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5 reasons why the Caps beat the Oilers

5 reasons why the Caps beat the Oilers

Things did not start well on Saturday, but the Capitals escaped Edmonton with a 5-2 win. Here's why.

1. The Ovechkin – Kuznetsov – Smith-Pelly line

Were you confused when you saw Devante Smith-Pelly would be playing alongside Alex Ovechkin and Evgeny Kuznetsov? It’s okay to admit it. With injuries throughout the lineup and in the midst of a slump, Barry Trotz had to shake up his lines and Smith-Pelly found himself on the top line. He may well have saved the game with his first goal as a Cap. Down 2-0, Smith-Pelly got Washington on the board with just 17 seconds left in the first period. That goal was the first of five unanswered scored by the Caps. It wasn't just Smith-Pelly, however, as the whole line seemed to have instant chemistry. Evgeny Kuznetsov scored two incredible goals in the third period to put the Caps in control. Ovechkin, meanwhile, recorded three assists for the first time since Nov. 2, 2014.

RELATED: CAPS' TOP LINE DAZZLES IN EDMONTON

2. Eller had his best game of the season

Lars Eller came to play on Saturday. He was flying all over the ice and he was finally rewarded with his first goal of the season, a one-timer with so much power behind it that the shot actually sent Eller airborne.

That goal tied the game at two. Washington would not trail again.

3. Holtby’s third period

Braden Holtby always rebounds after a tough performance and he did again on Saturday. After getting pulled in Thursday’s game against Vancouver, Holtby returned to the crease in Edmonton and turned aside 38 of the 40 shots he faced. Early in the third period with the Caps protecting a one-goal lead, John Carlson was just a bit too casual retrieving a puck behind the goal line and it was stolen away by Connor McDavid and fed to Jussi Jokinen for the one-timer. Holtby stopped the initial shot and two more on the resulting scrum to keep the Caps ahead. Those were three critical saves to bail the team out after a sloppy turnover.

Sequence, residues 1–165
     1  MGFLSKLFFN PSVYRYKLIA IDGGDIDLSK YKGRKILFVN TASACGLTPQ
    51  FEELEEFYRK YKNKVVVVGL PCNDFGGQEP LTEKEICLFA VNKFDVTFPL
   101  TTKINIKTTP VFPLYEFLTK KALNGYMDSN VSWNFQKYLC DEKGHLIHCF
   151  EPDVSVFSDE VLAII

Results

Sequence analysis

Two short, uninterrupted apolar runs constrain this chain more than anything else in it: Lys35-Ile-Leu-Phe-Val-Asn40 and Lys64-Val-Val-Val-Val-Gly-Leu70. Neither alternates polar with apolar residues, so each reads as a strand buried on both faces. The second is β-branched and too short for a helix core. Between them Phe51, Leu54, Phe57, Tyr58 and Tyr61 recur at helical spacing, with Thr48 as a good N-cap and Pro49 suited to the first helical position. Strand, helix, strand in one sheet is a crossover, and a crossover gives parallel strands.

MORE CAPITALS: CAPITALS EXTRA PODCAST: HOW DEVANTE SMITH-PELLY SAVED THE GAME

4. Backstrom shutting down McDavid

McDavid had one assist on the night but he was largely a non-factor in the game thanks to the efforts of Nicklas Backstrom. In his return from an illness, Backstrom spent much of the night battling McDavid and the Oilers’ top line. If Backstrom was going to campaign for the Selke Trophy, this would game would feature prominently in the highlight reel.

5. A shutdown effort by the penalty kill

Washington had allowed six power play goals in its last three games. They faced four power plays on Saturday, but this time walked away unscathed. Both of Eller’s delay of game penalties came at critical times. Had Edmonton scored on either of them, it could have swung the momentum back in their favor and the Caps could easily have been handed the loss.

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NHL Power Rankings: The Caps are singing the bye week blues

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NHL Power Rankings: The Caps are singing the bye week blues

A Capitals team that struggles after lengthy breaks is now indeed struggling after its return from the bye week. Since returning on Thursday against the New Jersey Devils, the Caps have lost three straight games including two at home with only two points to show for their efforts.